IF THERE'S one thing that heartens me about the Australian public, it's the way they take little pity on the whinging CEO - especially one that begrudges the less fortunate among us of a fair go.
After Gerry Harvey's complaints about the impact of online shopping went down like a fart in an art gallery, you'd think Myer boss Bernie Brookes might have taken a bit of a lead.
If there's one thing Australians hate more than a politician, it's a rich man who cries poor.
For those who missed it, Brookes had a bit of a foot-in-it moment when he told a Sydney conference that the levy proposed to fund the National Disability Insurance Scheme would effectively take dollars out of his company's coffers.
He was quoted in Thursday's papers as saying: "Today's announcement, about another 0.5% on the Medicare Levy, is not good for our customers and not good for the discretionary income world, and ideally that's another one that may have an impact.
"Remember, a lot of our customers have equity portfolios, they've got superannuation and they get the bills each week, and suddenly the Medicare Levy costs them another $300 from July next year and that's $300 they might have spent with us."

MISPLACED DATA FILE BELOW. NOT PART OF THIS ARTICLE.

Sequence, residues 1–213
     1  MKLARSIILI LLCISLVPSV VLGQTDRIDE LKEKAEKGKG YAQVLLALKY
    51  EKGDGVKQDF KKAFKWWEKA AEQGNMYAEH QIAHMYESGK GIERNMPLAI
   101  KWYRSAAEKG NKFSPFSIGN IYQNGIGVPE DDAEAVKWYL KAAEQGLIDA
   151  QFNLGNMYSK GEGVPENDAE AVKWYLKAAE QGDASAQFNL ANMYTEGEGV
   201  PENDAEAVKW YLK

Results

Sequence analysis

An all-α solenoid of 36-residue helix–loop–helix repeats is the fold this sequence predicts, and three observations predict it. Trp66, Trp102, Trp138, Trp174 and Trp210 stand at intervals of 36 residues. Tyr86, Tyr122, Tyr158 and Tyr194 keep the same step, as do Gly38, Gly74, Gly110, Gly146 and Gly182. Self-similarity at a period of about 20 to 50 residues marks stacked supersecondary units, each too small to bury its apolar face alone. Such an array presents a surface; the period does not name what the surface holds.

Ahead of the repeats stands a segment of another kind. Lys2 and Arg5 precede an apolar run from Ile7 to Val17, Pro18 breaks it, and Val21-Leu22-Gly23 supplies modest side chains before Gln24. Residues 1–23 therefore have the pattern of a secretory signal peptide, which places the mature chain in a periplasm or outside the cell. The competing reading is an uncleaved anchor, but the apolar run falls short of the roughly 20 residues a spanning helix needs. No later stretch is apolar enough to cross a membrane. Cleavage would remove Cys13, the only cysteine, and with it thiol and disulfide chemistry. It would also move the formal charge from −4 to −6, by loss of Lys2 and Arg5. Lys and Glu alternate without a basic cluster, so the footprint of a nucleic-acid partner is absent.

Angry members of the public flocked to Facebook to express their thoughts on the CEO's comments, with one going to Myer's own page to question whether Brookes himself was in fact delivering a bigger blow to Myer's sales than any government tax could.
Myer sought to make amends, with a post on Facebook that attempted to "clarify" the comments he made in person at the conference.
The response attracted further criticism, however.
A marketing expert interviewed by the ABC this week described Myer's position as "woeful", and I can't help but agree.
We are talking here about a scheme designed to help, potentially, hundreds of thousands of people with disabilities.
In our land of the supposed fair go, surely we have to prioritise the needs of the disabled among us ahead of our own need to buy nice things.
Legacy is a weird fashion jump, jump
GRANTED, the feelings of loss in the world of music aren't as great as they were this time last week, when Chrissy Amphlett passed away.
The sad news of the death of Chris "Mac Daddy" Kelly of Kris-Kross sure did bring the early 1990s flooding back, however.
The pioneers of the jeans-backwards, shirt-backwards look only had two good songs before they faded into obscurity, but those years inspired a revolution in Australian fashion that has taken years to live down.
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